Civil Legal Aid Offers a Second Chance and Keeps Americans Working

A person in the shadows.

April is Second Chance Month and, with that, we celebrate the important role legal aid organizations and public defense providers can play in helping people with criminal records. There are tens of thousands civil collateral consequences of having a criminal record, such as having to disclose prior convictions on job applications, difficulty securing an occupational license, or losing one’s drivers’ license. Receiving legal services can help stabilize housing and reduce barriers to employment for the almost 75 million, or one-in-three, American adults facing these consequences.

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In Defense of Public Defense

Gideon Petition for Certiorari
Gideon’s Petition

March 18th marked the 56th anniversary of the landmark US Supreme Court case Gideon v. Wainwright and National Public Defense Day. As a former investigator for the Public Defender Service for the District of Columbia, current project director of the Right to Counsel National Campaign, justice reform advocate, and American citizen, I am proud to celebrate the public defense community and the clients – which could be any of us – they represent. Continue reading “In Defense of Public Defense”

Examining the role of public defenders in disrupting racial injustice

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Photo used with permission from Richard Ross.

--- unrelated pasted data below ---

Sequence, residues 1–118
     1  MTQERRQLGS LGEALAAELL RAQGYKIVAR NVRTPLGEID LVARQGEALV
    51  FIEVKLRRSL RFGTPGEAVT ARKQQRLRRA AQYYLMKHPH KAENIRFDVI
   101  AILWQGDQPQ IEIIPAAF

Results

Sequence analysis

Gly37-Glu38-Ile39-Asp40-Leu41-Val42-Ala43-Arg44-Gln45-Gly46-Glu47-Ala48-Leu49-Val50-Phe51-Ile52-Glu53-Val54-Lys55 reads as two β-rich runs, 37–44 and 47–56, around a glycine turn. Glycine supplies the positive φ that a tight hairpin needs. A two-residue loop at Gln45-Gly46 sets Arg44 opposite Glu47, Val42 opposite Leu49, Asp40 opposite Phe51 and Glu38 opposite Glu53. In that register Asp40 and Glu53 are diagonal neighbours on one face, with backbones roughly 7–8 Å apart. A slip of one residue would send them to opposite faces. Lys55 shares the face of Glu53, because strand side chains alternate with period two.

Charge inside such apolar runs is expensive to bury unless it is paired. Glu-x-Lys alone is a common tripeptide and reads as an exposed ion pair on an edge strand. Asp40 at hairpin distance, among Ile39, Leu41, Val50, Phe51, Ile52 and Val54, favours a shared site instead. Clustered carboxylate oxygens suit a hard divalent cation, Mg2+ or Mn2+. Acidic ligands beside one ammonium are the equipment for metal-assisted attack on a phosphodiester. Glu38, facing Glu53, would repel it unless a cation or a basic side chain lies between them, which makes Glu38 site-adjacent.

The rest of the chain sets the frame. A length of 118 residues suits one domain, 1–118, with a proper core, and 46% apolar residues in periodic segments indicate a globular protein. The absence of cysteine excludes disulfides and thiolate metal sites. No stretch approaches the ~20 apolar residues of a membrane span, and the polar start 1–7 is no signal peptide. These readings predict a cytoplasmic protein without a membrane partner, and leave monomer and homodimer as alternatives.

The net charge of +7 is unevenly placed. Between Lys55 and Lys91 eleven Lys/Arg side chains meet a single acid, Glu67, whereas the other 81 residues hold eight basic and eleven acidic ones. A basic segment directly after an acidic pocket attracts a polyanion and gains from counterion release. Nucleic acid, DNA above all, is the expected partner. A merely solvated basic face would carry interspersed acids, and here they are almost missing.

www.juvenile-in-justice.com

 

Michelle Alexander wrote in The New Jim Crow: “The fate of millions of people—indeed the future of the black community itself—may depend on the willingness of those who care about racial justice to re-examine their basic assumptions about the role of the criminal justice system in our society.”

February is Black History Month. It’s a time for everyone to reflect on the legacy of progress that black leaders have left throughout history in the fight for liberation, equitable treatment, and empowerment. It is also a time for white allies to examine what they could be doing better to interrupt their own racism and that of others, what it means to support black leadership, and how our nation’s policies continue to oppress black lives. And indeed, it is a time for white allies to heed Alexander’s call to re-examine the role of the criminal legal system in society.

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The Right to Counsel at the Police Precinct: The West Bank Paving the Way

When you think of the West Bank, your first thought is likely not the right to counsel. Some people are surprised to hear that Palestine has a self-sufficient legal system at all, let alone a constitutionally-mandated right to an attorney for all criminally accused. Ensuring access to legal representation is critical to protecting due process, human rights, and justice, especially in historically tumultuous places like the West Bank. Institutionalizing constitutional protections as the Palestinian legal system develops and changes will ensure that best practices are embedded into its very foundation.

People at meeting
Photo by rawpixel on Unsplash